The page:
4

I hope I am not at the end of the road. I had flunked advanced engineering mathematics and applied mechanics during my undergrad second year. Though I scored decently in the reexamination during the subsequent semester, I never recovered from the blow to the self-esteem from flunking first and last time in my education.

I liked applied mathematics and mechanics, though I was never good at it. I was very good at experimental mechanics but I hated the manual process of sample preparation, lack of theoretical studies. When it came to choose a research field during master's degree, I chose computational mechanics. I figured, though I might not be good at this, I can always learn and not repeat my undergrad debacle.

My error was, not taking enough courses. My grad school courses were not mathematically rigorous enough and were quite superficial. I did not take the harder courses as I feared failure and repeat of my undergrad flunking.

My PhD advisor, committee did not force me to take the rigorous and advanced courses as I had a PhD topic that did not involve much rigorous mathematical framework development. I did not ask help and guidance from professors due to my social ineptitude, worrying about what they would think about me. I should have taken the 3 graduate level courses when I had the opportunity. I believe, I would have had more confidence, had done better PhD research.

Now, I am doing postdoc in same topic as my PhD. I am searching for postdoc positions and industry Jobs, I find requirement for candidates with rigorous research experience and graduate level coursework. I have none. I have published papers in non-rigorous journals. I am still afraid of mathematics and numerical methods.

I have screwed up my career, now I would like some advice how I can recover? I should have done things differently 5 years ago. I am old now, and inept at my field of study. I have been trying to self study for the past few years, I still suck big time. I should have stayed in experimental mechanics research. I was natural in it. Computational mechanics is not my cup of tea. I bit off more than I can chew.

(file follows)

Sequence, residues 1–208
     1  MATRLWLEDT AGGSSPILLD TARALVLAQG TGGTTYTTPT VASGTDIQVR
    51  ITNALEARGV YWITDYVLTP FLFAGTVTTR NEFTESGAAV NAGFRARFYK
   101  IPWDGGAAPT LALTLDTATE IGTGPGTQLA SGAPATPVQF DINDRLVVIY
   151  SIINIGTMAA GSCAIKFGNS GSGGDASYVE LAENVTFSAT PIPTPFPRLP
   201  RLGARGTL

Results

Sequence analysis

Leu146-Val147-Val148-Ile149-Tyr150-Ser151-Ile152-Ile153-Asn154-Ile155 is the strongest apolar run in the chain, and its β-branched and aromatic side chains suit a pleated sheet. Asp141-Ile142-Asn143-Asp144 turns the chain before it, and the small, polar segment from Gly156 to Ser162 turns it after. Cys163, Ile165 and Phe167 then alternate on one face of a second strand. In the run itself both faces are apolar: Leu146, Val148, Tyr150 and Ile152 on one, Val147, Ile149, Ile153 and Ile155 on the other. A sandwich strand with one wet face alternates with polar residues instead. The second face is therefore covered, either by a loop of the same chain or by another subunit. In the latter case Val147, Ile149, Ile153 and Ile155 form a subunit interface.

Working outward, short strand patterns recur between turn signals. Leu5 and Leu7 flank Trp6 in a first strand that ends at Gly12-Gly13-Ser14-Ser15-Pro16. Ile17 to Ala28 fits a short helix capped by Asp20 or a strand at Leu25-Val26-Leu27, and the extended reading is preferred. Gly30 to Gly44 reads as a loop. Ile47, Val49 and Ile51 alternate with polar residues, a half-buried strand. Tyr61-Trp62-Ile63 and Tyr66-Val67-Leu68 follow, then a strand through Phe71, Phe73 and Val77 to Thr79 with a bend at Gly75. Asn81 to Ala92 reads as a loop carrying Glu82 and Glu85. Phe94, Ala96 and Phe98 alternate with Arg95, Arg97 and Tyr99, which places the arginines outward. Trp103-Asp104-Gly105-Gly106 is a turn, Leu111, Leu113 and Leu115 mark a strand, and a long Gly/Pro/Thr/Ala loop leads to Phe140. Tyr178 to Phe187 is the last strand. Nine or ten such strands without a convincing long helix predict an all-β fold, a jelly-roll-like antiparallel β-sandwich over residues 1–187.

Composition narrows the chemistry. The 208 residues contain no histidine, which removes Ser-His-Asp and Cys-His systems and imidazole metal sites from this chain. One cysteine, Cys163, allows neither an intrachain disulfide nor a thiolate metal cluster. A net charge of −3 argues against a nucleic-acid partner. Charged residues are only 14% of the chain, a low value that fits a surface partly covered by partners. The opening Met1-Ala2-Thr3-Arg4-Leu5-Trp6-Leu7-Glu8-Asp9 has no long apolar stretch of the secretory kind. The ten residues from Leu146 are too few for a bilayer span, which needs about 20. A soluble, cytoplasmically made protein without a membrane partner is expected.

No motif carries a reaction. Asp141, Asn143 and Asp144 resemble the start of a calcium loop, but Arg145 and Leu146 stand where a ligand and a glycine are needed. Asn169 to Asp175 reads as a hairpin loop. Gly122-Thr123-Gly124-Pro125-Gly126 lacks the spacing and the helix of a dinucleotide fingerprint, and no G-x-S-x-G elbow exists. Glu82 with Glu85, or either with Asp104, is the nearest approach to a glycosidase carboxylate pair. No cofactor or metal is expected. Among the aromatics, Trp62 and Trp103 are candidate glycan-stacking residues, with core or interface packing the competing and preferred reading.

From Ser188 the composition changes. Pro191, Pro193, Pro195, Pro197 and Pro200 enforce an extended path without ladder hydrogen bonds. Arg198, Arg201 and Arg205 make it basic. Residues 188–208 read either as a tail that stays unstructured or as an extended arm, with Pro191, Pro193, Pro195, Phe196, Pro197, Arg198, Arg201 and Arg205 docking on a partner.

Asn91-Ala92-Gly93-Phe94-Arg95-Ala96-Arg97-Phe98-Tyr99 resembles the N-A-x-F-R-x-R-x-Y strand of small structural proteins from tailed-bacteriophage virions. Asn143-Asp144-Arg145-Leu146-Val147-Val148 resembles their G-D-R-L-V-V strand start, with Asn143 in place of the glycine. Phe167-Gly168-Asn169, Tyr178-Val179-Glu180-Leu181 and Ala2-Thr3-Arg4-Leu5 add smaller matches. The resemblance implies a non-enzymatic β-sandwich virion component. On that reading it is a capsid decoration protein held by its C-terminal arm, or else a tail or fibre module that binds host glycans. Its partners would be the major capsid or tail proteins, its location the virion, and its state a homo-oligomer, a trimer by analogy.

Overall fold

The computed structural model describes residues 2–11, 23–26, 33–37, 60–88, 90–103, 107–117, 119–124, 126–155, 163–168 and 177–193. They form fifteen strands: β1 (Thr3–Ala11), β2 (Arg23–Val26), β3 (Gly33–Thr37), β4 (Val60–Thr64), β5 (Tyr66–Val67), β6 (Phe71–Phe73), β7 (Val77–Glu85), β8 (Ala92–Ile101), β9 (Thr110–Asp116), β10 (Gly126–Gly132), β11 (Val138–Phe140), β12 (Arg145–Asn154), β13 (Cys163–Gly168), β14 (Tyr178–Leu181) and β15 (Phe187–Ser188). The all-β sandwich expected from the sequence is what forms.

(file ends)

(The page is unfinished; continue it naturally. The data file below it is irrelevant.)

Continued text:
5

It is likely that only someone familiar with your field and your portfolio can really help you assess your options. But since you asked for advice, I will offer some observations:

  • You spent about half your post looking backwards (all the way to undergrad). This is not productive. Instead, look forwards. Where do you want to go? What is the next step?
  • When considering "where do you want to go," I recommend you consider all your options. Many people who have never left the university tend to make only superficial inquiries into career options outside of the university.
  • For a research career, the biggest concrete problem is your poor track record in research. Note, I am assuming that your research record is truly poor as you say, though self-assessment can be very difficult. The academic job market is brutal even for well-qualified candidates, so a poor research record may close some doors, at least temporarily.
  • I'm not sure what you mean by "I find requirements for...graduate-level coursework. I have none." I'm very skeptical. In my experience (granted, I'm in the US), it is very unusual for anyone to care about your coursework once you have a PhD. Second, you do have a graduate-level coursework, though you don't think the courses were sufficiently rigorous.
  • A PhD certifies that you can do research without supervision -- this includes learning new skills. So, your self-studying seems like a good option. Another good option would be to redirect your focus onto areas which are a better match for your interests and skills. Which brings us back to the bolded questions.
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  • Furthermore, most jobs expect a lot of on-the-job training, particularly for young hires (i.e. fresh PhDs/postdocs). Therefore, your job is a new role isn't to already know everything, but to be able/willing to learn quickly. – roger-reject Jul 10 at 6:56
3

You have the signs of Imposter Syndrome.

Graduating with a PhD is a huge milestone. Externally to others, it indicates aptitude and expertise and success. While you are blaming yourself, saying that you lack these qualities, the external appearance is that you do have these qualities. Take a moment to step back and consider what you have accomplished.

Try talking to someone who is not an expert in your area about your area. You will likely realize how much more you know about your area than they do. You will likely see that, despite your beliefs, and despite your efforts to sabotage yourself, you have actually become an expert!

Confidence varies widely within people with the same level of expertise and capabilities. Think of people who you have considered impressive or accomplished. Have they all been equally confident? Many people who are successful and obtain a PhD still somehow believe to the end that they did not deserve it all along (and you seem to be in that category), but this is often only partially correlated with whether they actually made a strong contribution.

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